Accompanying the advantage percentage in the following table is their current standings rank (right now ties are not properly calculated; I’ll fix that), the remaining home matches, the remaining away matches, the current average points-per-game of future opponents (results-based, not model-based), and the average power ranking of future opponents according to SEBA.

In the future, I may try to do an ‘Overall’ (past and future) strength of schedule, however, given that our model now discounts matches held earlier in the season as well as those with a roster that differs from the current one being employed, this may not be straightforward.

The following shows the expectations for upcoming Philadelphia matches:

USL
Power Rankings

SEBA has Bethlehem Steel begin the season in 29th.  It has Harrisburg City in 26th.  These are currently based entirely off of 2016 results (and skewed towards the end, as well).

Playoffs probability and more

It should be noted with all of the USL forecast, that the model is the same as the MLS model (as teams from different leagues do compete against one another). Therefore, unlike with the preseason MLS forecast, I am not able to manually constrain the model’s parameters to avoid drawing bolder conclusions upon existing (2016) data in a different way than MLS clubs (which now have 2017 data to draw upon). As a result, some of these projections will be a bit bolder than we can reasonably expect given the data at hand. This will correct itself as we get new USL data, but it is worth calling out.

Bethlehem’s playoff odds begin at 41.4% and Harrisburg City’s odds start at 42.4% in making the playoffs.

Bethlehem’s chances at winning the Regular Season Title is at 1.3% with Harrisburg City also at 1.3%.

 

Bethlehem’s odds at becoming the USL Champion start at 1.6% with Harrisburg City at 2.2%.

The USOC odds for USL clubs alone are as follows.  Harrisburg begins at 0.5% odds.  Bethlehem, being Philadelphia-controlled, is not eligible for the U.S. Open Cup.

 

 

The following are probabilities for each category of outcomes for Bethlehem.

The following are probabilities for each category of outcomes for Harrisburg City.

The following shows the relative probability of the prior categories. If the projection system were entirely random, these bars would be even, despite that “Missed Playoffs” is inherently 14 times more likely than “USL Champion.” The chart outlines where the club is headed. We begin with Bethlehem Steel.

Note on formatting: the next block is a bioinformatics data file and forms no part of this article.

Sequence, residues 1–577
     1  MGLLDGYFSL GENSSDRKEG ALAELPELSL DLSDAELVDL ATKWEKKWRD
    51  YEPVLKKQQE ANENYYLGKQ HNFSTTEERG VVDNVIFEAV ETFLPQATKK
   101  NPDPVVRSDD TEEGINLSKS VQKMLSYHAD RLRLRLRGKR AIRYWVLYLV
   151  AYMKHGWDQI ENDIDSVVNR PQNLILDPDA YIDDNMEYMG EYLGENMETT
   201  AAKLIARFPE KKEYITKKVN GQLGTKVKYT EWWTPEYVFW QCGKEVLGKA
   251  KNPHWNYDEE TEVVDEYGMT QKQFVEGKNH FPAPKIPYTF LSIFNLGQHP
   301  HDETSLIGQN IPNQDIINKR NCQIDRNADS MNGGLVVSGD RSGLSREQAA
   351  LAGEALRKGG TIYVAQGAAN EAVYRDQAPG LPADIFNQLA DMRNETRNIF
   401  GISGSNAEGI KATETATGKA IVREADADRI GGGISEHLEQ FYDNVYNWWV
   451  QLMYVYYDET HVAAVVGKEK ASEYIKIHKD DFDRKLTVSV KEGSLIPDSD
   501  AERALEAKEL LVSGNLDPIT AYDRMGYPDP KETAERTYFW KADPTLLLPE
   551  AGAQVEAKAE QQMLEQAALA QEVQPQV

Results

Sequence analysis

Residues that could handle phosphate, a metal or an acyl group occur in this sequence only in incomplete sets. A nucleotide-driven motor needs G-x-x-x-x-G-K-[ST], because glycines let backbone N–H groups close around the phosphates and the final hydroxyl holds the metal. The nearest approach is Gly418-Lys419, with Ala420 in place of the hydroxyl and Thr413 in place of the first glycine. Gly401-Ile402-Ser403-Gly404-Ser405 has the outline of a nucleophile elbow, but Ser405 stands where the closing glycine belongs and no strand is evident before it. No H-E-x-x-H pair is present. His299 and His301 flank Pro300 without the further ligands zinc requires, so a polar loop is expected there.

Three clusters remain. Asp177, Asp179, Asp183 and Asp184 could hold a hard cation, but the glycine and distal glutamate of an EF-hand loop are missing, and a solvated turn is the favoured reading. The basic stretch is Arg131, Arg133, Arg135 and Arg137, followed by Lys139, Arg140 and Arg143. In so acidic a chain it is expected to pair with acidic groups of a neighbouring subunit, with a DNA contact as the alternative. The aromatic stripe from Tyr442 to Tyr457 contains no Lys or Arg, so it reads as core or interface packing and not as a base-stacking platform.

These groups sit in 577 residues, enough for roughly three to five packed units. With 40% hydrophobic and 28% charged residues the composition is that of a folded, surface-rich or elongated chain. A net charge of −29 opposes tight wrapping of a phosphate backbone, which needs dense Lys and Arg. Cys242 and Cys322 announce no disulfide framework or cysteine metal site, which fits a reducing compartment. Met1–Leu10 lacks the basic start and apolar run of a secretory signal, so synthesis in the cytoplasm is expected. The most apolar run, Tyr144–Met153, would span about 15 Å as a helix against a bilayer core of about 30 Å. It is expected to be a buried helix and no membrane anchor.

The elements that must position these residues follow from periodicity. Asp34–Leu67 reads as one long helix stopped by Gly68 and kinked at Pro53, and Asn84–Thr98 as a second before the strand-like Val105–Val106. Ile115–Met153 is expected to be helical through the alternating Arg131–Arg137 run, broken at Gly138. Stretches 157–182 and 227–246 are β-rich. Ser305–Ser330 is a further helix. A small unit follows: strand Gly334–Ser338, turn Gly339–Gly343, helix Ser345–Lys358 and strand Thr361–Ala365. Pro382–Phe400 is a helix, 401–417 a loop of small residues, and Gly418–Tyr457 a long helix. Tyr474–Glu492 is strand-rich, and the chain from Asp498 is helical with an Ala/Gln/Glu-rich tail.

The following shows the probability of each post-playoff ranking finish.

The following shows the summary of the simulations in an easy table format.

As a new feature, we can also show how the Remaining Strength of Schedule affects each team.

The “Points Percentage Advantage” shown on the X-axis represents the percentage of points expected over the league average schedule. This “points expected” value is generated by simulating how all teams would perform with all remaining schedules (and therefore judges a schedule based upon how all teams would perform in that scenario).

In short, the higher the value, the easier the remaining schedule.

Remaining home field advantage will make a large contribution here. It can also be true that a better team has an ‘easier’ schedule simply because they do not have to play themselves.  Likewise, a bad team may have a ‘harder’ schedule because they also do not play themselves.

The table following the chart also shares helpful context with these percentages.

Accompanying the advantage percentage in the following table is their current standings rank (right now ties are not properly calculated; I’ll fix that), the remaining home matches, the remaining away matches, the current average points-per-game of future opponents (results-based, not model-based), and the average power ranking of future opponents according to SEBA.

The following shows the expectations for upcoming matches for both Bethlehem and Harrisburg:

The SEBA Projection System is an acronym for a tortured collection of words in the Statistical Extrapolation Bayesian Analyzer Projection System.  Check out the first season’s post to find out how it works (http://www.phillysoccerpage.net/2017/03/03/2017-initial-seba-projections/)

3 Comments

  1. Andy Muenz says:

    Thanks as always, Chris. Enjoy your vacation next week!

  2. Wow that is an exhaustive info you got here!